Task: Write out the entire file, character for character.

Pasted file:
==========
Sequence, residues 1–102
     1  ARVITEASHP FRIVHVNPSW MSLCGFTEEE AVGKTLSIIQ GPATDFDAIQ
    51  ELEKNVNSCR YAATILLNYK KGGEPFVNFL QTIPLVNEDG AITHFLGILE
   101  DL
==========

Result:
Sequence, residues 1–102
     1  ARVITEASHP FRIVHVNPSW MSLCGFTEEE AVGKTLSIIQ GPATDFDAIQ
    51  ELEKNVNSCR YAATILLNYK KGGEPFVNFL QTIPLVNEDG AITHFLGILE
   101  DL